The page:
Friday, January 15, 2010

Acts of Gaia

We no longer talk about 'Acts of God' these days, but 'Acts of Gaia' figure more often in the media. Brendan O'Neill (no relation) makes the same point today over at Spiked. We (rightly) take offence at people like Pat Robertson blaming the horrors of the Haitian earthquake on 'pacts with the devil', but take no offence when white men (and their greedy capitalist consumerism) are blamed for the world's natural disasters.

The sheer scale of Haiti's tragedy is not a result of too much capitalism but of too little capitalism. As Anti-Dismal points out - in relation Don Boudreaux's observation that an equivalent magnitude earthquake near San Francisco killed only 63 people back in 1989 - that it's about wealth:
You may argue that stricter building codes are a major reason why the 1989 Bay Area quake killed far fewer people than did this week’s Haiti quake. But stricter building codes increase the cost of building and if you are poor and cannot afford expensive buildings you build cheap, less safe, ones. So you can have all the building codes you like, but people have to be wealthy enough to be able to afford to obey them, for them to work. Also buildings will get safer, even without building codes, as people get wealthier. The more wealth you have the more you have to protect and thus the more you are willing and able to spend on protecting it.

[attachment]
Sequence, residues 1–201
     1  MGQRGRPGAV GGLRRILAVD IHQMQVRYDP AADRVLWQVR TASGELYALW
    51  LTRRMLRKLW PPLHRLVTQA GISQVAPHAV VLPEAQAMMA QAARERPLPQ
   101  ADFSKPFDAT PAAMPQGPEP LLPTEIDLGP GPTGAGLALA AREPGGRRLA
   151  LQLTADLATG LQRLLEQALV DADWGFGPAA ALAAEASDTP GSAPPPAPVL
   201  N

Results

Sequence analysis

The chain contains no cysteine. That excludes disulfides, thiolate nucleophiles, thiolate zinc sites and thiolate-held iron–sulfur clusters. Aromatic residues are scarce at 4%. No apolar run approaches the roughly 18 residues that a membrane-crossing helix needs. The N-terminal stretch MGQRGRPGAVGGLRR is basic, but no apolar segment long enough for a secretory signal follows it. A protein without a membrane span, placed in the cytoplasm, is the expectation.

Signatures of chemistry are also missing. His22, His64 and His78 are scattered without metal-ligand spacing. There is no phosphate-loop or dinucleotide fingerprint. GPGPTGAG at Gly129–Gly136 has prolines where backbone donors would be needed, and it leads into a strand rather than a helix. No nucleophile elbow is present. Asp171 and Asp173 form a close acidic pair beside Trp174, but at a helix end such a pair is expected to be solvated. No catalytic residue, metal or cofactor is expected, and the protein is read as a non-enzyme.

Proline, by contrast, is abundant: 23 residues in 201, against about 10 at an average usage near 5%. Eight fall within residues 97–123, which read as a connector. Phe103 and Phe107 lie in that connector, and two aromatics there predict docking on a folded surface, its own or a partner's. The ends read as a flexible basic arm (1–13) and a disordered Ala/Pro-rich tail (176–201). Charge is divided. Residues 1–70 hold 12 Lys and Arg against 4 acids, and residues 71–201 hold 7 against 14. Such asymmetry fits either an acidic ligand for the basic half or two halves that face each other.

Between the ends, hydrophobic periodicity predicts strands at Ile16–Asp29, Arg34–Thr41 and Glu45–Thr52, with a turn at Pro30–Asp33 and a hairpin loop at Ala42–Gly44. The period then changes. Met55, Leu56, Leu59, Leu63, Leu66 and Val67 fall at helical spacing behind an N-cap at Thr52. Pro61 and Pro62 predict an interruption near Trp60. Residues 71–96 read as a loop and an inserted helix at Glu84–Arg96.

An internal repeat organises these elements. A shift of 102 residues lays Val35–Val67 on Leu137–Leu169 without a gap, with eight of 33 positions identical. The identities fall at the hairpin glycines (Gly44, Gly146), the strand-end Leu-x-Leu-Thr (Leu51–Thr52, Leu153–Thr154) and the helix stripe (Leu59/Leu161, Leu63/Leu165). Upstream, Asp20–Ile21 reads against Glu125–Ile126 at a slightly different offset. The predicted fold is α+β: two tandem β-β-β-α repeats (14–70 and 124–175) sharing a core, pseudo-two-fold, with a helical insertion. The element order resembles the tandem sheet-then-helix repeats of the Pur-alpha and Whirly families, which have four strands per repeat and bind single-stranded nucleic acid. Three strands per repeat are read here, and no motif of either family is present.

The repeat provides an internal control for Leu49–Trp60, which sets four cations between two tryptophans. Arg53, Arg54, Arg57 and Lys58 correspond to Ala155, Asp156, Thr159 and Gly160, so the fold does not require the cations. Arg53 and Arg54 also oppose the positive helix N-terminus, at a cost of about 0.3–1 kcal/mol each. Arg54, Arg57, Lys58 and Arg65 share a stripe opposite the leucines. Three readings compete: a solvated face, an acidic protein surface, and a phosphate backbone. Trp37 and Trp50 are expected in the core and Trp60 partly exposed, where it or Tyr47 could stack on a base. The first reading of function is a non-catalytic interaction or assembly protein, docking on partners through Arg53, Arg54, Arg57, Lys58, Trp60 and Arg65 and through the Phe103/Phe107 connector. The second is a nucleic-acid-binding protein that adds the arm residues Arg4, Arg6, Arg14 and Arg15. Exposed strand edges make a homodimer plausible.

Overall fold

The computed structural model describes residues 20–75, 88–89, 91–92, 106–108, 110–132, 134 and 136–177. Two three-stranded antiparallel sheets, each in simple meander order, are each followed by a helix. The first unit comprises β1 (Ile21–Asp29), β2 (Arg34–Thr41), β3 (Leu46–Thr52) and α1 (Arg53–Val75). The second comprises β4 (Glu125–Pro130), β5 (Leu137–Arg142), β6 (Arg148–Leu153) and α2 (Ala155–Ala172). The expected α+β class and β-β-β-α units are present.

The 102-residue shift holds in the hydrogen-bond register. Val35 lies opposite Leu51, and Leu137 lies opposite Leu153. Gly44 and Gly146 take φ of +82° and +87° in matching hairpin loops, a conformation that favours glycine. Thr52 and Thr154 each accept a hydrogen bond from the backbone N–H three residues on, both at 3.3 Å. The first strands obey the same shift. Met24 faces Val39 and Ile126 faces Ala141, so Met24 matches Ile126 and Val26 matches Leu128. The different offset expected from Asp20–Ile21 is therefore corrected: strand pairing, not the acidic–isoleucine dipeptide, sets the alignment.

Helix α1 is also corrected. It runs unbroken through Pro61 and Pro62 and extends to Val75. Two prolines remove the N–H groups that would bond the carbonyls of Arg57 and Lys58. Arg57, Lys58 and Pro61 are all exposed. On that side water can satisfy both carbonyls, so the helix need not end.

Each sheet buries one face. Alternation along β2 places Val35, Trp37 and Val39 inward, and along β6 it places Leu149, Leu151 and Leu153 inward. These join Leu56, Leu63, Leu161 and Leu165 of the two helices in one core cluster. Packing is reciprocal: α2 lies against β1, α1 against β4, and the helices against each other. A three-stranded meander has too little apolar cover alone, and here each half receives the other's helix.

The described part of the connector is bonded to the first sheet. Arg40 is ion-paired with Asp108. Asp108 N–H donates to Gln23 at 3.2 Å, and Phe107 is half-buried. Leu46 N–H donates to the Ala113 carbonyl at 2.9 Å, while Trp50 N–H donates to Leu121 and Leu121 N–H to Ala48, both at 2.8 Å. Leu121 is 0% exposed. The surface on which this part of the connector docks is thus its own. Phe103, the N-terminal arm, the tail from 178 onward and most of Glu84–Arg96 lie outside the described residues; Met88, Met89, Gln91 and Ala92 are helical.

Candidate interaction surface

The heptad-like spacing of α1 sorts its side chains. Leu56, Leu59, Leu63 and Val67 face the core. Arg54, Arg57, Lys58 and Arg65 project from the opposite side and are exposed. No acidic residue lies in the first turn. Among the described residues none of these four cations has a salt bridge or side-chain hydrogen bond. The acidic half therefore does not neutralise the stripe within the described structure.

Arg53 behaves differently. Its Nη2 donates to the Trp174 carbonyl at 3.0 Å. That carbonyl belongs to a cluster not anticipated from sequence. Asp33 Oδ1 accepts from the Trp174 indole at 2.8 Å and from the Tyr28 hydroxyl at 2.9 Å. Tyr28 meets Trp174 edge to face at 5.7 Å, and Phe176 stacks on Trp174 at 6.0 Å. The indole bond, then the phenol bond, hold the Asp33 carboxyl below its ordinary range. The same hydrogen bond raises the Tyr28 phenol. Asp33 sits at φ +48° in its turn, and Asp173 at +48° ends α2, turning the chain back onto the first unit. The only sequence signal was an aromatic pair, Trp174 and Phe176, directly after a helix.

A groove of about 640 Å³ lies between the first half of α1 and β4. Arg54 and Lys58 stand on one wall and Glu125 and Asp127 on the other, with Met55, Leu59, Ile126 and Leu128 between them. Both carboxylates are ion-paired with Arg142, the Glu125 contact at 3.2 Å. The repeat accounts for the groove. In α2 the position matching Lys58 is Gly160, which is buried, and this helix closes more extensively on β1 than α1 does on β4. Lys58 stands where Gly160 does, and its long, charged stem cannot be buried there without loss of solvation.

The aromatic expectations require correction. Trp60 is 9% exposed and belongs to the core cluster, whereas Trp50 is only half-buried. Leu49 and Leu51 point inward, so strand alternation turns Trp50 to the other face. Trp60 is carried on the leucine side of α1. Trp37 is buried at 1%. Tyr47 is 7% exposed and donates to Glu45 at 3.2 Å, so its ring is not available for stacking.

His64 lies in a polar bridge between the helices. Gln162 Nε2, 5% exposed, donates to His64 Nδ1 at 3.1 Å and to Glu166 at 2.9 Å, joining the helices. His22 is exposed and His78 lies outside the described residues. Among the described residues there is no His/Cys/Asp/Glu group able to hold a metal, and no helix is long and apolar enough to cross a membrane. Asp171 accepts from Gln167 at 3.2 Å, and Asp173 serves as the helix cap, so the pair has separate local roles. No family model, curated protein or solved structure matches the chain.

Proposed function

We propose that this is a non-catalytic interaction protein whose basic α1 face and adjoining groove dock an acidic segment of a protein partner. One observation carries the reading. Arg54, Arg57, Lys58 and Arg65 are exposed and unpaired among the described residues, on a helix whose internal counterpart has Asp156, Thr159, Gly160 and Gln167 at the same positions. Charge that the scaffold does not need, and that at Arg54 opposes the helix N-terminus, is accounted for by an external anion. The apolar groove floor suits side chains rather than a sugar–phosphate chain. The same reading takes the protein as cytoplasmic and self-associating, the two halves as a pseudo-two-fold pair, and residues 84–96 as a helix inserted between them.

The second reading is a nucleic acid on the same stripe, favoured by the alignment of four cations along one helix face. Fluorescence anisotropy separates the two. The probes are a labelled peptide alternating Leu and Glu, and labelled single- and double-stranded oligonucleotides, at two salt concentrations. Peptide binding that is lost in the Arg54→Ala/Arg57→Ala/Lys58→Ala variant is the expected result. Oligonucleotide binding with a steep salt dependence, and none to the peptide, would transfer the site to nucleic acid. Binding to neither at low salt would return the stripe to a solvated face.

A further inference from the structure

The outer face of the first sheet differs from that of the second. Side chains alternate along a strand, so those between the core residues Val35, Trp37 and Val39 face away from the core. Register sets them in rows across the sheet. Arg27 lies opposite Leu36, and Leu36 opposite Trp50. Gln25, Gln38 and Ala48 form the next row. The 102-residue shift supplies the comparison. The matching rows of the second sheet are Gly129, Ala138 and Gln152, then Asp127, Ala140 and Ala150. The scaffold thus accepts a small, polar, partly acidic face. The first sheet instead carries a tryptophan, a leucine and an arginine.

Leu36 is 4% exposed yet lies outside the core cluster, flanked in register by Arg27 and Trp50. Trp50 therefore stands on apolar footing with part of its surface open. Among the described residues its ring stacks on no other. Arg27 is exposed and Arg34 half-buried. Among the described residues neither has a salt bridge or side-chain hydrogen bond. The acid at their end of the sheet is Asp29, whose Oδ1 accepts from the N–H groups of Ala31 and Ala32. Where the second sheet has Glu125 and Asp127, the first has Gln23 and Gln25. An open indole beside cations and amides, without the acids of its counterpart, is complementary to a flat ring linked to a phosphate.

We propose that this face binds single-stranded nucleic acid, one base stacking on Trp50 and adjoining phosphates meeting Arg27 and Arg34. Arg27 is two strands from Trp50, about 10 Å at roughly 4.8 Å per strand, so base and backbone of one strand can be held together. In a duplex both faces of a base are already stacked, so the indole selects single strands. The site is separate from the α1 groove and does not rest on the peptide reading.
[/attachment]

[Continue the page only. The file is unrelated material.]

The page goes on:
Compared to Haiti we are lucky to have the 'problems' we have here in Ireland. And for a disturbing insight into the problems that that poor, benighted country faced before the earthquake, see The Burden of Aid (whence the image above) via Aid Watch.

You can do your bit here.

1 comment:

  1. It all sounds very well in theory, Gerard, but as usual, ugly facts get in the way. The latest reports from Haiti are telling us that the worst hit casualties in the actual earthquake were the wealthier class, who almost all lived in houses or apartment blocks with concrete roofs or ceilings. The poorer people (the vast majority in that unfortunate country)had fewer problems due to the flimsy construction of their wood-walled, galvanised metal-roofed dwellings, which were not so deadly on collapse. Also, I would have some misgivings about using a natural disaster to illustrate the strengths or weaknesses of capitalism.

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